, , & Classification of schizophrenia patients based on resting-state functional network connectivity. Front. Neurosci. 7, 133 (2013).

  23. 23.

    , & Identifying patients with Alzheimer's disease using resting-state fMRI and graph theory. Clin. Neurophysiol. 126, 2132–2141 (2015).

  24. 24.

    et al. Identifying major depression using whole-brain functional connectivity: a multivariate pattern analysis. Brain 135, 1498–1507 (2012).

  25. 25.

    et al. On the interpretation of weight vectors of linear models in multivariate neuroimaging. Neuroimage 87, 96–110 (2014).

  26. 26.

    , & The influence of head motion on intrinsic functional connectivity MRI. Neuroimage 59, 431–438 (2012).

  27. 27.

    , , , & Spurious group differences due to head motion in a diffusion MRI study. Neuroimage 88C, 79–90 (2013).

  28. 28.

    , & Recent progress and outstanding issues in motion correction in resting state fMRI. Neuroimage 105, 536–551 (2015).

  29. 29.

    et al. A comprehensive assessment of regional variation in the impact of head micromovements on functional connectomics. Neuroimage 76, 183–201 (2013).

  30. 30.

    . A study of cross-validation and bootstrap for accuracy estimation and model selection. in Proceedings of the 14th International Joint Conference on Artificial Intelligence 2, 1137–1143 (1995).

  31. 31.

    , & Assessing the generalizability of prognostic information. Ann. Intern. Med. 130, 515–524 (1999).

  32. 32.

    et al. Assessing the performance of prediction models: a framework for traditional and novel measures. Epidemiology 21, 128–138 (2010).

  33. 33.

    & Nonparametric Statistical Inference (Springer, 2011).

  34. 34.

    & Robust regression using iteratively reweighted least-squares. Commun. Stat.-Theory Methods 6, 813–827 (1977).

  35. 35.

    , & A note on computing robust regression estimates via iteratively reweighted least squares. Am. Stat. 42, 152–154 (1988).

  36. 36.

    et al. The organization of the human cerebral cortex estimated by intrinsic functional connectivity. J. Neurophysiol. 106, 1125–1165 (2011).

  37. 37.

    et al. Resting-state functional connectivity predicts impulsivity in economic decision-making. J. Neurosci. 33, 4886–4895 (2013).

  38. 38.

    et al. Neural predictors of individual differences in response to math tutoring in primary-grade school children. Proc. Natl. Acad. Sci. USA 110, 8230–8235 (2013).

  39. 39.

    et al. Predicting treatment response in social anxiety disorder from functional magnetic resonance imaging. JAMA Psychiatry 70, 87–97 (2013).

  40. 40.

    , & Structural maturation and brain activity predict future working memory capacity during childhood development. J. Neurosci. 34, 1592–1598 (2014).

Download references


M.D.R. and E.S.F. are supported by US National Science Foundation Graduate Research Fellowships. This work was also supported by US National Institutes of Health grant EB009666 to R.T.C.

Author information


  1. Department of Radiology and Biomedical Imaging, Yale School of Medicine, New Haven, Connecticut, USA.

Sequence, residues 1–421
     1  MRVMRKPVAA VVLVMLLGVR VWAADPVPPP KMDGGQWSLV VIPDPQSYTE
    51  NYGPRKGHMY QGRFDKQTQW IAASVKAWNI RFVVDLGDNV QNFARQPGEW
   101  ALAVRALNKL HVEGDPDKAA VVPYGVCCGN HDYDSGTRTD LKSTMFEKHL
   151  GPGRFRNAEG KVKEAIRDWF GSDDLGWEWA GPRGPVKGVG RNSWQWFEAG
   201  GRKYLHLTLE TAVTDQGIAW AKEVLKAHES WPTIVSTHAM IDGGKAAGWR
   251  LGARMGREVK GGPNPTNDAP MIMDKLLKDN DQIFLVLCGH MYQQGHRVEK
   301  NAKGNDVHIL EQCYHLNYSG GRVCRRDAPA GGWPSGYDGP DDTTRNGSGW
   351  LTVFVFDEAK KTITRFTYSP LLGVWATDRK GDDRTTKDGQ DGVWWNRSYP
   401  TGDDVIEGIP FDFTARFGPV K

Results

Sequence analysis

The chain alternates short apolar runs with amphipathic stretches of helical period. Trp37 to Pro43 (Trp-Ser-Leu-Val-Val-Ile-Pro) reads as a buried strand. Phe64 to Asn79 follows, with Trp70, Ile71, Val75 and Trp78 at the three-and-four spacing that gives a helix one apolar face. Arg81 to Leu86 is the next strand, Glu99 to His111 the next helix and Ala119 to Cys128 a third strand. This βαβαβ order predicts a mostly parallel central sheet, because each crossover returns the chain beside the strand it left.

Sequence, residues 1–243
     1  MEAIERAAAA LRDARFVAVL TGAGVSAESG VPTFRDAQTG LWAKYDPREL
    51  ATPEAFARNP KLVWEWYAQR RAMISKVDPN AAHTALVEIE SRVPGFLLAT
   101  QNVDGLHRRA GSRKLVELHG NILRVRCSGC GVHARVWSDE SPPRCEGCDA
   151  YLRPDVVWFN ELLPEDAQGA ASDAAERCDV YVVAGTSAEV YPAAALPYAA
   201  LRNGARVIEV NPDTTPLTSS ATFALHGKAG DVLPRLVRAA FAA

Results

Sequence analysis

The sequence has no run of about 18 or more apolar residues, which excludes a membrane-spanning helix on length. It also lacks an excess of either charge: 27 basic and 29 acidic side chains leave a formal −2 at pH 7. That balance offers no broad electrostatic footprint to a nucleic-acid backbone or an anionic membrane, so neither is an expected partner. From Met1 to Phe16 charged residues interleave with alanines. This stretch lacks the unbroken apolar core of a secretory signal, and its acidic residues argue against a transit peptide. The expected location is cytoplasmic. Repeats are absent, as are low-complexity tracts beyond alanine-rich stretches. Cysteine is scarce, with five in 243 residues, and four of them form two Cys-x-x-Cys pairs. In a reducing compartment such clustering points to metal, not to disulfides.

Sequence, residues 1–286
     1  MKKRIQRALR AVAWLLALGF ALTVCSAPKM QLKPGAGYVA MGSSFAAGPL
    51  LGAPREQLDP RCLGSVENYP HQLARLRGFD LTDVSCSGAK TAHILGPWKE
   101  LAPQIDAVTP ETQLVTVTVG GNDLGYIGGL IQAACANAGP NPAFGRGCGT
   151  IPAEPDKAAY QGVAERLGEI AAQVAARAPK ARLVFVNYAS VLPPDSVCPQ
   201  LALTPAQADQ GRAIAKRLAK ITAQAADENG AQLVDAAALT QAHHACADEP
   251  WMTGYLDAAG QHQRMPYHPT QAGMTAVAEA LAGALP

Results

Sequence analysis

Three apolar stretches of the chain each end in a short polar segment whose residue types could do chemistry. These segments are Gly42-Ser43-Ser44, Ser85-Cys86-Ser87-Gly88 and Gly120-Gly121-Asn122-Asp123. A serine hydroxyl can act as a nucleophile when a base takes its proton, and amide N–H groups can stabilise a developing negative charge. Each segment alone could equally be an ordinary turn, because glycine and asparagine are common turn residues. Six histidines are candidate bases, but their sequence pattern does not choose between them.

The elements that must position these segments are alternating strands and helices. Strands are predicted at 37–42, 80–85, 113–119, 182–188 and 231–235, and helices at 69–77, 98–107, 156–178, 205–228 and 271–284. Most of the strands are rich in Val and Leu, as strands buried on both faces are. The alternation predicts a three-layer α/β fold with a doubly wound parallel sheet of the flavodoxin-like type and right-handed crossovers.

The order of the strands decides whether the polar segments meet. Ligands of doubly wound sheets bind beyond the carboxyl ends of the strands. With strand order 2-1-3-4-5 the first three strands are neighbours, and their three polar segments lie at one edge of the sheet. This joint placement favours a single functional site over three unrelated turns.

• Xilin Shen
    • , Dustin Scheinost
    • , Xenophon Papademetris
    •  & R Todd Constable
  2. Interdepartmental Neuroscience Program, Yale School of Medicine, New Haven, Connecticut, USA.

    • Emily S Finn
    • , Marvin M Chun
    •  & R Todd Constable
  3. Department of Psychology, Yale University, New Haven, Connecticut, USA.

    • Monica D Rosenberg
    •  & Marvin M Chun
  4. Department of Neuroscience, Yale School of Medicine, New Haven, Connecticut, USA.

    • Marvin M Chun
  5. Department of Biomedical Engineering, Yale University, New Haven, Connecticut, USA.

    • Xenophon Papademetris
  6. Department of Neurosurgery, Yale School of Medicine, New Haven, Connecticut, USA.

    • R Todd Constable


  1. Search for Xilin Shen in:

  2. Search for Emily S Finn in:

  3. Search for Dustin Scheinost in:

  4. Search for Monica D Rosenberg in:

  5. Search for Marvin M Chun in:

  6. Search for Xenophon Papademetris in:

  7. Search for R Todd Constable in:


X.S., E.S.F., D.S., X.P., and R.T.C. conceptualized the study. X.S. developed this protocol with help from E.S.F. and D.S. E.S.F. developed the prediction framework with help from X.S. and M.D.R. E.S.F., X.P., and X.S. contributed previously unpublished tools. X.P. developed the online visualization tools with help from X.S. and D.S. X.P., M.M.C., and R.T.C. provided support and guidance with data interpretation. All authors made valuable comments on the manuscript.

Competing interests

X.P. is a consultant for Electrical Geodesics Inc.

Corresponding author

Correspondence to R Todd Constable.

Supplementary information

PDF files

  1. 1.

    Supplementary Note

    Performance comparison between CPM- and SVR-based methods.

About this article

Publication history



Further reading


By submitting a comment you agree to abide by our Terms and Community Guidelines. If you find something abusive or that does not comply with our terms or guidelines please flag it as inappropriate.